NOT RATED

Special Features: Isolated Music Track / My Cousin Rachel Vintage Radio Show / Original Theatrical Trailer

Limited Edition of 3,000 Units

  
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Reviews and Comments: (1)
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Posted by Mark Turner on March 5, 2018 5:29 PM
I've often heard of this film referred to as a classic of the genre, the gothic romance. Along with WUTHERING HEIGHTS it is often considered worth watching. Was it?

Based on the novel by author Daphne Du Maurier who wrote REBECCA among other novels, it centers around Philip Ashley (Richard Burton), a man taken in by his cousin Ambrose when his parents died. The two form a quick bond, more like an uncle and nephew than cousins, with Ambrose determined to raise Philip as a gentleman. The years pass and Ambrose health becomes an issue so he travels to the warmer climate of Florence. There he meets their cousin Rachel (Olive de Havilland), falls in love with her and then marries her.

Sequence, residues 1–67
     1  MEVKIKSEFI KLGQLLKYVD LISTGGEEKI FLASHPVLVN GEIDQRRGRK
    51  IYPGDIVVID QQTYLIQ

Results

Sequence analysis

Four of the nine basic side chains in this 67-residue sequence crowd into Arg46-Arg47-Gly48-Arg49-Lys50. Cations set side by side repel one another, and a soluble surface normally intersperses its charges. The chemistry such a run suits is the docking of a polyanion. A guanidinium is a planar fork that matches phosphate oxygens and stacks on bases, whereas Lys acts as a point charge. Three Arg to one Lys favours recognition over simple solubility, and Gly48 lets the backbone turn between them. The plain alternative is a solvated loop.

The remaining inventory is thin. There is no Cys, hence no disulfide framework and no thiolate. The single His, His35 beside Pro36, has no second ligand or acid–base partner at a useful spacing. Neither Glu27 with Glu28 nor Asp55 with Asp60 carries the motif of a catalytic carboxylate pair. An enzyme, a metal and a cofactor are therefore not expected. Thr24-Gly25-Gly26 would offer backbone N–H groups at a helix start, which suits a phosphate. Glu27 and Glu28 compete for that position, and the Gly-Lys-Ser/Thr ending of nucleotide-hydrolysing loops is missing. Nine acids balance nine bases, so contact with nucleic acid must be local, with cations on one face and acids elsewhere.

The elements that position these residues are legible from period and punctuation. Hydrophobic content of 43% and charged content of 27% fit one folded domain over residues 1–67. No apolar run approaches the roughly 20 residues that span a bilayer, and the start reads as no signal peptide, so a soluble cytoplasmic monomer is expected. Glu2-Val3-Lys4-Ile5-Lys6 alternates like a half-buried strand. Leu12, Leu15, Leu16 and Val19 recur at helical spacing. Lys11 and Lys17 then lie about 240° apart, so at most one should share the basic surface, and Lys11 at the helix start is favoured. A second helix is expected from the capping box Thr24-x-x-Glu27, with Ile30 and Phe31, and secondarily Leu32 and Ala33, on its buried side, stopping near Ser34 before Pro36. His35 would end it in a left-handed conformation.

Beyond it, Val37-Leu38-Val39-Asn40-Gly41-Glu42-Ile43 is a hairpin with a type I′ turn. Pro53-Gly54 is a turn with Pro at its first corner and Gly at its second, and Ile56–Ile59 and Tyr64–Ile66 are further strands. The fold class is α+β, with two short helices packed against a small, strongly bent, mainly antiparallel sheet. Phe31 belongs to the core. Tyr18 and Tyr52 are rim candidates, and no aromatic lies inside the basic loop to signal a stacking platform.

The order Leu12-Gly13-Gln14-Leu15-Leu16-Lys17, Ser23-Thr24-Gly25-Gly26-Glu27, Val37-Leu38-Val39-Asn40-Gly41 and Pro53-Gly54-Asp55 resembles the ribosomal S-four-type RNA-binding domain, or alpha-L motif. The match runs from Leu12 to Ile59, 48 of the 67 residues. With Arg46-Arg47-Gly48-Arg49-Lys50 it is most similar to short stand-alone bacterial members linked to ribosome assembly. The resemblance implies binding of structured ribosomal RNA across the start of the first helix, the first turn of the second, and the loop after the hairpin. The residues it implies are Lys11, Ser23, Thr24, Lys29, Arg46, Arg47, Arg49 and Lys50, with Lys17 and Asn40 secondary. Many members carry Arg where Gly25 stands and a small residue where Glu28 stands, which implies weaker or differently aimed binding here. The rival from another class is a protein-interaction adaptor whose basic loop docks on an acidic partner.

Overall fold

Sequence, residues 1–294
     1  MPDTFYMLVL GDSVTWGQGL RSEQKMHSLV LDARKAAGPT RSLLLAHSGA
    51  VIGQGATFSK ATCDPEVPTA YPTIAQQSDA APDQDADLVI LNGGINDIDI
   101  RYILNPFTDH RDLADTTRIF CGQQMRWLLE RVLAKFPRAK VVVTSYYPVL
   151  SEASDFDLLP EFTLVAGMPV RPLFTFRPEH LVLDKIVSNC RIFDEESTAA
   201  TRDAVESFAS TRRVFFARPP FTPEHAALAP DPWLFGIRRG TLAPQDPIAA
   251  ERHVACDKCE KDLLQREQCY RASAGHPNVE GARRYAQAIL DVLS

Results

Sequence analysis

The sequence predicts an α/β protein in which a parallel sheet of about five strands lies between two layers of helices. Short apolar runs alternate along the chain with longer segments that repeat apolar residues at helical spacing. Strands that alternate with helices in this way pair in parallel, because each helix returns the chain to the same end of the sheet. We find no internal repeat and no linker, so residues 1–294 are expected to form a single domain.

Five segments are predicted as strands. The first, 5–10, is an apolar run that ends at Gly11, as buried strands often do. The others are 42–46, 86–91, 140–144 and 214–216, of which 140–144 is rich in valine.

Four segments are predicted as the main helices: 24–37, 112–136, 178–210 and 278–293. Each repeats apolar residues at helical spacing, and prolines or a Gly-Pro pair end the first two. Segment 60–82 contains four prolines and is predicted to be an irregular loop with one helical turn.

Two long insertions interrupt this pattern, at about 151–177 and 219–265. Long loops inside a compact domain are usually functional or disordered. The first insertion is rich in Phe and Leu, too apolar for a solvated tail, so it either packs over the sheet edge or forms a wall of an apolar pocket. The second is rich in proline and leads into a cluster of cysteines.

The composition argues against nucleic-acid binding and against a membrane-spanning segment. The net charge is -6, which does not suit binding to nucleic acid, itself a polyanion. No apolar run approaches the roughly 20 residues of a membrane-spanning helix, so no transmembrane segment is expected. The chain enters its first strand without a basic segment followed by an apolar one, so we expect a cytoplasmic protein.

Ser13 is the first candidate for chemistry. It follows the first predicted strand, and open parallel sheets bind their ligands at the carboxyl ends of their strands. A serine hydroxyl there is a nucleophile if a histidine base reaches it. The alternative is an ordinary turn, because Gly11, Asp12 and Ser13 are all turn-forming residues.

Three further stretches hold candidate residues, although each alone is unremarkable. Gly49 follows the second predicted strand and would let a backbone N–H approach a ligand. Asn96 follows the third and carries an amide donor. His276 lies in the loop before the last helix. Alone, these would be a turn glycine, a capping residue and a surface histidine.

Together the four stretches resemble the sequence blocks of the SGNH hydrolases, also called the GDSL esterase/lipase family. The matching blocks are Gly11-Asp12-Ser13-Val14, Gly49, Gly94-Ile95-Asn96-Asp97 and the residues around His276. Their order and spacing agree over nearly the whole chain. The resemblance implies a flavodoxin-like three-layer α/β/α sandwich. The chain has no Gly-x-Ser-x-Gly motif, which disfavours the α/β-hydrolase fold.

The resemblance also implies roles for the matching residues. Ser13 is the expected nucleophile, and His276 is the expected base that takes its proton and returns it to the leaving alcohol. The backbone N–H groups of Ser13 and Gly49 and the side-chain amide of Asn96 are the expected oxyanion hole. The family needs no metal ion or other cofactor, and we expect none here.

All of this is learned via letters he sends back to Philip. But then the letters change. Ambrose becomes suspicious of Rachel and thinks she is poisoning him. He request Philp to come to him and he obliges only to arrive too late. Ambrose has passed while he was on his way and Rachel has gone into mourning among friends elsewhere.